“Beauty All Around Us”
On Sunday, I shared a story from the book Moloka`i, by Alan Brennert, which I read over the previous couple of weeks. In the novel, a Catholic nun by the name of Sister Catherine had arrived at Kalaupapa, one of the most beautiful places in Hawai`i, to care for the patients who suffered from leprosy, also known today as Hansen’s Disease. Her first couple of weeks were especially difficult, as she dressed the wounds of young girls. She did her best all day long, every day, not to wretch as she tended one wound after another. After she had been there for a couple of weeks, she was unwrapping the bandages on the arm of a young girl by the name of Noelani, who was about 15. The wound was so horrible to look at, that Sister Catherine let out a horrifying cry and felt that she would throw up right then and there. She rushed outside and dropped to her knees. The beauty of Kalaupapa was far from her thoughts.
Fortunately, her colleague Sister Leopoldina covered for her, and when their shift was over, Leopoldina took her across the yard to the girl’s dining room. There was a cabinet there, in which Leopoldina rummaged through one of the drawers until she found a piece of paper. She told Sister Catherine the famous writer Robert Louis Stevenson had written something on the paper—something he wrote when he visited Kalaupapa in 1889—and then she read the poem:
To see the infinite pity of this place,
The mangled limb, the devastated face,
The innocent sufferers smiling at the rod,
A fool were tempted to deny his God.
He sees, and shrinks; but if he look again,
Lo, beauty springing from the breast of pain!—
He marks the sisters on the painful shores,
And even a fool is silent and adores.
When Sister Leopoldina first saw that slip of paper, she said to Mother Marianne, “Why, it’s beautiful! It’s lovely, isn’t it?”
But Marianne said to Leopoldina, “We are not the ones to be flattered.” And she told Leopoldina to look outside on the lawn at girls with clean clothes and freshly dressed bandages, who were lame and crippled from leprosy, but joyfully playing croquet on a lawn created just for them.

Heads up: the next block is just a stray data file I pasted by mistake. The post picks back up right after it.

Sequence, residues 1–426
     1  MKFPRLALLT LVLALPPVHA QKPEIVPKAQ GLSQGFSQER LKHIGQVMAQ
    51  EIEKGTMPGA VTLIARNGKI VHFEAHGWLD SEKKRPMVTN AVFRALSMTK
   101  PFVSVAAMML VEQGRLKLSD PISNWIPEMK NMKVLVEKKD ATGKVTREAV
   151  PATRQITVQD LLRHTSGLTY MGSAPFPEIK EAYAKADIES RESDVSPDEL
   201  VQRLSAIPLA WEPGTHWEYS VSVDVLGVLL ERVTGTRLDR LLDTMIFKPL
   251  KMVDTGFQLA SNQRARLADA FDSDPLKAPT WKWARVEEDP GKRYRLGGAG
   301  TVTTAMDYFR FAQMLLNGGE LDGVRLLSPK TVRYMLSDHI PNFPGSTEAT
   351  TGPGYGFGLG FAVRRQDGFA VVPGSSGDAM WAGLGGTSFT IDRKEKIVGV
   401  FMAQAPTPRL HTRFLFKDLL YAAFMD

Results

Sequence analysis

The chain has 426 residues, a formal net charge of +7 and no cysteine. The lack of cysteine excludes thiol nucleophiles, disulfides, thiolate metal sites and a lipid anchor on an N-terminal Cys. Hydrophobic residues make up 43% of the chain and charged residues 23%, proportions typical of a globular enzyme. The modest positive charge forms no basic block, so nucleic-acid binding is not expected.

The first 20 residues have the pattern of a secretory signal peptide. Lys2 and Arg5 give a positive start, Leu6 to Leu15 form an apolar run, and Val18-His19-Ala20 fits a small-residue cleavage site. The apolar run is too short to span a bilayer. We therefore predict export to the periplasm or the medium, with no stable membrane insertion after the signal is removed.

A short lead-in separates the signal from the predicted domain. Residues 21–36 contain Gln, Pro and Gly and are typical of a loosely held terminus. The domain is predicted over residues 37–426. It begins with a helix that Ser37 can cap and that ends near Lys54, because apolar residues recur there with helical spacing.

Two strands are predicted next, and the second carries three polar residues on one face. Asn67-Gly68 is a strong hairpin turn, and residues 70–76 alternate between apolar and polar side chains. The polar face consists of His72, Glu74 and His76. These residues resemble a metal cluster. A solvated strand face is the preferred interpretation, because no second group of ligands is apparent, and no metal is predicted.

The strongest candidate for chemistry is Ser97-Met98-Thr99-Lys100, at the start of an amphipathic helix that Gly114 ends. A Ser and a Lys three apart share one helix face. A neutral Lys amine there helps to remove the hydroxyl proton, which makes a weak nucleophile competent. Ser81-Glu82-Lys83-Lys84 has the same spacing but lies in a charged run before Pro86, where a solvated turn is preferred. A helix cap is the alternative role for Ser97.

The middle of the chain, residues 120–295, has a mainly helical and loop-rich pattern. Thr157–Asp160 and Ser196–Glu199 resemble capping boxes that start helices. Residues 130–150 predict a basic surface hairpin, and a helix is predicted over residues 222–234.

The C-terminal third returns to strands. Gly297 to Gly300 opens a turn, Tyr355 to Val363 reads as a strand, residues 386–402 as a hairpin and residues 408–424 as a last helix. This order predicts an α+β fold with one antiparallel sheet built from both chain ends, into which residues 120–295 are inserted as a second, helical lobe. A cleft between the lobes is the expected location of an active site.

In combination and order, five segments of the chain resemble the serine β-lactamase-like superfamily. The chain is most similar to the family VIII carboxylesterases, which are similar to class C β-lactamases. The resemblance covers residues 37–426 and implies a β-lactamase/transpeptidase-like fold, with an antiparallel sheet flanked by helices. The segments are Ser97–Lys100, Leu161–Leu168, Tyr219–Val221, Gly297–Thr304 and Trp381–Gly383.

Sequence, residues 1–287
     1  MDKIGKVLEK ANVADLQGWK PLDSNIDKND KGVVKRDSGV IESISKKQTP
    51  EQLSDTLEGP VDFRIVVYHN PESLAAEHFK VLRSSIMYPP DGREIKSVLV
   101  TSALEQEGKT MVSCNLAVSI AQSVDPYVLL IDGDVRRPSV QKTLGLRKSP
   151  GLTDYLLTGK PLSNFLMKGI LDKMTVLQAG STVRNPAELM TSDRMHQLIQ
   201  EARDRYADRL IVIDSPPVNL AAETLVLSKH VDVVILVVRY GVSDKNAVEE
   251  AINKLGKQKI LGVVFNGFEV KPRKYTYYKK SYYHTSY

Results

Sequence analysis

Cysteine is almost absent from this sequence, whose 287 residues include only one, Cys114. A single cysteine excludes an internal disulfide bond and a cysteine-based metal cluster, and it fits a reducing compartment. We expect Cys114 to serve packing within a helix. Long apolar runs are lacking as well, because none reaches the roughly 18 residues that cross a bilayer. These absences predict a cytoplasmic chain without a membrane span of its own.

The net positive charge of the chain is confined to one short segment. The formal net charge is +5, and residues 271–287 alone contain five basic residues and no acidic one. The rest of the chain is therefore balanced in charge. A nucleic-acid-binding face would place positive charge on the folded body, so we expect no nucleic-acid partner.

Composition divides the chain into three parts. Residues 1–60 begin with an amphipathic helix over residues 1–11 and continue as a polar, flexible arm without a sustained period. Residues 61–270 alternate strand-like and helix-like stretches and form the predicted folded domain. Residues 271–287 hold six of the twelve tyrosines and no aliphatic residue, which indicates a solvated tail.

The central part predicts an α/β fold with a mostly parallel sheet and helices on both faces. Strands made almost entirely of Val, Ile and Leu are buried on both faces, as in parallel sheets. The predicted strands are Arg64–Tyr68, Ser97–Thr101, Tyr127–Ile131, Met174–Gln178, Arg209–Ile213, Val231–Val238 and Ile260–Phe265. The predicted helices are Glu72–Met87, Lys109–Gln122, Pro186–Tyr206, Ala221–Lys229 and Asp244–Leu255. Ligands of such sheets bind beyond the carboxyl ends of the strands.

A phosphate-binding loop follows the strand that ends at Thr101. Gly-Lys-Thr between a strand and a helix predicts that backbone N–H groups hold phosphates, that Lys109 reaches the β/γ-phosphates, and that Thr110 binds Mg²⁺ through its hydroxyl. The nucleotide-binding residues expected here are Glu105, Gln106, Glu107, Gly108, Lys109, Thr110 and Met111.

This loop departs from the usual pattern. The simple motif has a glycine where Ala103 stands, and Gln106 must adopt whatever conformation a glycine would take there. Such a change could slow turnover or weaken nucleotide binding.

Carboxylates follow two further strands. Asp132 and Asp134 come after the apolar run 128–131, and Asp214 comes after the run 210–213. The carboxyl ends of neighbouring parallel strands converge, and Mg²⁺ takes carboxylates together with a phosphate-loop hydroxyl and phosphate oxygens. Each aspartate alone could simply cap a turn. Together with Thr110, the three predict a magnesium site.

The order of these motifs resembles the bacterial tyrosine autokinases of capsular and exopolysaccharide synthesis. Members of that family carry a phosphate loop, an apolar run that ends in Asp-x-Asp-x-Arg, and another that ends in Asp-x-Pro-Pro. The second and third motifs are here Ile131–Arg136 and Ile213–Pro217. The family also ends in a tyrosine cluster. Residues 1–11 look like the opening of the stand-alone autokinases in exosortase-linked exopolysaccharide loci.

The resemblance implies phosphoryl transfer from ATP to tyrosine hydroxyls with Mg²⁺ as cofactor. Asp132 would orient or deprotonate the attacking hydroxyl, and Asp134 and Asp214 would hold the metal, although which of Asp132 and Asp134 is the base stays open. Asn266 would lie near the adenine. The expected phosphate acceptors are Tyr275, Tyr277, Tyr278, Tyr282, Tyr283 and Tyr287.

Then Mother Marianne said, “There is beauty in the least beautiful of things.”
Here were young girls who were suffering from a debilitating diseases, causing scars on their skin and disappearing body parts, separated from families most of them would never see again. And yet, they laughed and played and loved. Indeed, there is beauty in the least beautiful of things.
May we remember when we serve others that we are not the ones to be flattered. Rather, we join with God as co-creators of beauty in the lives of those around us and our own as well—for when we create beauty for others, beauty is being created for us as we do it.
Our Kahu (Pastor) offers a weekly message in church most Sundays during the year. Click HERE to see a video of a recent message from Sunday morning. You may see the Koloa Union Church YouTube channel to see many of his past messages and subscribe in order be notified when a new message is posted. Please share these videos with friends and invite them to church. Please feel free to “Like” any of the videos you see and share them on social media, such as Facebook, so that others will notice them.
“A Message from Kahu Alan Akana” is provided most weeks by the Kahu (Pastor) of Koloa Union Church, a congregation of the United Church of Christ (UCC), a member of the Kauai Association and Hawaii Conference.